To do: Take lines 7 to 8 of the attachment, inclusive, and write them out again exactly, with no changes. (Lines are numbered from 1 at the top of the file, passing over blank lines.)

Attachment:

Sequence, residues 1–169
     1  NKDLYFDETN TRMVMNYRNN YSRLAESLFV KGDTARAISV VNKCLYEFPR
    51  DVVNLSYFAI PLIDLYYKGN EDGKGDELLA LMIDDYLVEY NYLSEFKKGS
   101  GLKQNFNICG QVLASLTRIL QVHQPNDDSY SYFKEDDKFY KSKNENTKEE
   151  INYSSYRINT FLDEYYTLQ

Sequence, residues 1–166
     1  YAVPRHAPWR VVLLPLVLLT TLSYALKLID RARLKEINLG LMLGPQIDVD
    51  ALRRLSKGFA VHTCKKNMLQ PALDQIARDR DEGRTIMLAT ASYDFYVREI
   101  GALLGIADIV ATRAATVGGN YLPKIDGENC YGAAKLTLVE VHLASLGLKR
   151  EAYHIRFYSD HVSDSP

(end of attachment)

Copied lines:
     1  YAVPRHAPWR VVLLPLVLLT TLSYALKLID RARLKEINLG LMLGPQIDVD
    51  ALRRLSKGFA VHTCKKNMLQ PALDQIARDR DEGRTIMLAT ASYDFYVREI